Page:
Ransomware attacks on school districts in Louisiana prompted Governor John Bel Edwards to declare a state of emergency on July 24. Schools in the state impacted by the attacks include Sabine, Morehouse and Ouachita parishes. CNBC reports that the attacks locked and encrypted data and shut down phone systems.
A statement on the Monroe City Schools website reads:
“On July 8, 2019, the Monroe City School System experienced a disruption to its computer systems. We immediately notified our information technology service providers and retained independent, third-party cybersecurity experts to investigate this matter.
While there are problems with system connectivity, we have no reason to believe there is any public safety issue. We also have no indication that there was any unauthorized access of sensitive or private information. We also believe that full connectivity will be restored in the near future.
We have notified law enforcement and are cooperating with authorities to assist their investigation. That investigation is ongoing.”
The governor’s declaration of a state of emergency means the school districts can use resources from the Louisiana National Guard, the Louisiana State Police, and the Office of Technology Services. In addition, the Governor’s Office of Homeland Security and Emergency Preparedness (GOHSEP) has activated its Crisis Action Team and the Emergency Services Function-17 to coordinate the response to the attacks, including with the FBI, state agencies and higher education partners.
Phil Richards, CISO of Ivanti, an IT asset and service management software solutions provider, comments, “The fact that the state of Louisiana has taken the significant step to call a state of emergency over cyberattacks on state school systems is a visible indication that they are taking remediation seriously. I expect other states may follow similar protocol should they be impacted in the same way. In fact, there have been 22 known public-sector attacks to date this year, outpacing 2018, and that isn’t counting those attacks the go unreported for months or years after they’re discovered.”
Take a Proactive Approach
Richards points out that there are steps that organizations must take to prevent the risk that they’ll be victimized by cyberattack.
He says, for most organizations, patching should be the first line of defense. “Ensuring that operating systems and third-party applications are up to date will limit or even prevent cyberattacks. Special effort should be made to ensure that all critical patches and updates for applications such as Adobe Flash, Java, Web browsers and Microsoft applications are kept current. Patches should be prioritized based on criticality and policy and applied so that they don’t disrupt users or operations,” says Richards.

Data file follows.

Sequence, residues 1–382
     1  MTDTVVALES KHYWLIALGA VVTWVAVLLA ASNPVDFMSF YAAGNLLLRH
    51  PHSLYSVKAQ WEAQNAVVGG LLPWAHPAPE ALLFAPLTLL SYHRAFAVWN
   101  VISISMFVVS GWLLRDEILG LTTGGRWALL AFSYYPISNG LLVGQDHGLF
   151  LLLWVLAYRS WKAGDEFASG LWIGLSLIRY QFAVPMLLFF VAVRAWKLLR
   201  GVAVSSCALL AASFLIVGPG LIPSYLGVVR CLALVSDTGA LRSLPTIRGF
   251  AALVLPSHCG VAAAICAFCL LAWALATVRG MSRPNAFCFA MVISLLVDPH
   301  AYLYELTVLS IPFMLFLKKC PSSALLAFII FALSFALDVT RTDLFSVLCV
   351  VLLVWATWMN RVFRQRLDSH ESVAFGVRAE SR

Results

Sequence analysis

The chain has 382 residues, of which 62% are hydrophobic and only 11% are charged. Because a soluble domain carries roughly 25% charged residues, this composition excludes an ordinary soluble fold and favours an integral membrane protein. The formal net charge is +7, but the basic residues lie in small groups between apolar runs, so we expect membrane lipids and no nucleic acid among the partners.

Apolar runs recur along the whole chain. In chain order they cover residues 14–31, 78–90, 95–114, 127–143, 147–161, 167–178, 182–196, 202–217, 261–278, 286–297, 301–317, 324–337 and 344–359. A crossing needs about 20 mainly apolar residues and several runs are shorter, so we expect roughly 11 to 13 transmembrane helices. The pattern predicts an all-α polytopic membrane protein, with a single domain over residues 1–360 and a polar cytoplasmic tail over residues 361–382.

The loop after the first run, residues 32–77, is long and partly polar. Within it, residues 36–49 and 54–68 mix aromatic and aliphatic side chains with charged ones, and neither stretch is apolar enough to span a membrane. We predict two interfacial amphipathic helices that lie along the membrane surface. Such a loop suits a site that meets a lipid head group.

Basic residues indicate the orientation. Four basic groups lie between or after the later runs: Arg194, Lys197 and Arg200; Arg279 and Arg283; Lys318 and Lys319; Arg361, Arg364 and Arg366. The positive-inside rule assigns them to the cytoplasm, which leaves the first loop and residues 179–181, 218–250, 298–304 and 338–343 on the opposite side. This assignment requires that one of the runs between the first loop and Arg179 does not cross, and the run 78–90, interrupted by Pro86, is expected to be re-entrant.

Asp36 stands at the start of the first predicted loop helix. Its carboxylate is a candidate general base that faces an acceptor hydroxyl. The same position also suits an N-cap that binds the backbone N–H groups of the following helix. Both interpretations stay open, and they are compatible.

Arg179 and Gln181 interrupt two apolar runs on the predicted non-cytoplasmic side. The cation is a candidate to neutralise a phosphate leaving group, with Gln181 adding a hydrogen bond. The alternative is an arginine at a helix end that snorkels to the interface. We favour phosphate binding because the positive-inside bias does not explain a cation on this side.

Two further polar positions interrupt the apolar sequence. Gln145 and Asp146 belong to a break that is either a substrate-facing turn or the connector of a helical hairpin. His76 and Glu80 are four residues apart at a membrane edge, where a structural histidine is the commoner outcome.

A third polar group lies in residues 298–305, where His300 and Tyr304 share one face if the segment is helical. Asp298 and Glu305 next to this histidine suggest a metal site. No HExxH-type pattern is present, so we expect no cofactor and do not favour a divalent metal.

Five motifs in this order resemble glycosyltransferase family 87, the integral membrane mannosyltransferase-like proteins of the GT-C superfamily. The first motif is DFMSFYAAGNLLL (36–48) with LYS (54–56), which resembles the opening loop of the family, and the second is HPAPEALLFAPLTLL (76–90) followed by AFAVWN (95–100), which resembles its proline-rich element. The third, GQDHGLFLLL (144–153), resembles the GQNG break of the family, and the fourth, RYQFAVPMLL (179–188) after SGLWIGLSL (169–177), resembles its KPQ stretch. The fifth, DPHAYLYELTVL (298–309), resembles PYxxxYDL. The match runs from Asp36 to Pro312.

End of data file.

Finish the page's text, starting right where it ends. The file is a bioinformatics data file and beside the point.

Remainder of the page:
He adds that testing patches is of critical importance to ensure all systems stay operable.
- Educate Users
He also points out that most ransomware is spread using phishing or spam emails. Criminals have a growing list of marketing and social engineering tools that improve their chances of tricking users into opening fraudulent emails, clicking on malicious links, or giving up user IDs or passwords.
“It is critical to train users to be savvy email consumers and careful web-clickers,” says Richards, “It is likely that even the most educated user will be tricked, so education isn’t enough. Users need to receive periodic drills of phishing email campaigns that provide immediate feedback when they click on a link. When users see themselves getting ‘caught’ is when they begin to change their behavior.”
- Limit Access
Richards adds that minimizing privileges is also an important tactic to mitigate the damage caused by many types of malware, including ransomware. For example, the Petya ransomware requires administrator privileges to run and will do nothing if the user does not grant those privileges.
He says, however, “Removing administrator rights is easy, but balancing privileged access, user productivity and enterprise security are not. Effective access control protects organizations against malware and ransomware. Access control that focuses primarily or exclusively on privileged user access rights will likely prove less than effective. Generalized access control can be highly beneficial for protecting files located in on shared drives.”
Prepare to Act
In addition to taking measures to prevent cyberattacks, it’s also important to plan for an effective response if one should occur. Louisiana established a cybersecurity commission in 2017, which is comprised of subject matter experts, cybersecurity professionals from the public and private sectors, and law enforcement professionals.
“The state was made aware of a malware attack on a few north Louisiana school systems, and we have been coordinating a response ever since,” said Gov. Edwards in the July 24 statement. “This is exactly why we established the Cyber Security Commission, focused on preparing for, responding to and preventing cybersecurity attacks, and we are well-positioned to assist local governments as they battle this current threat.”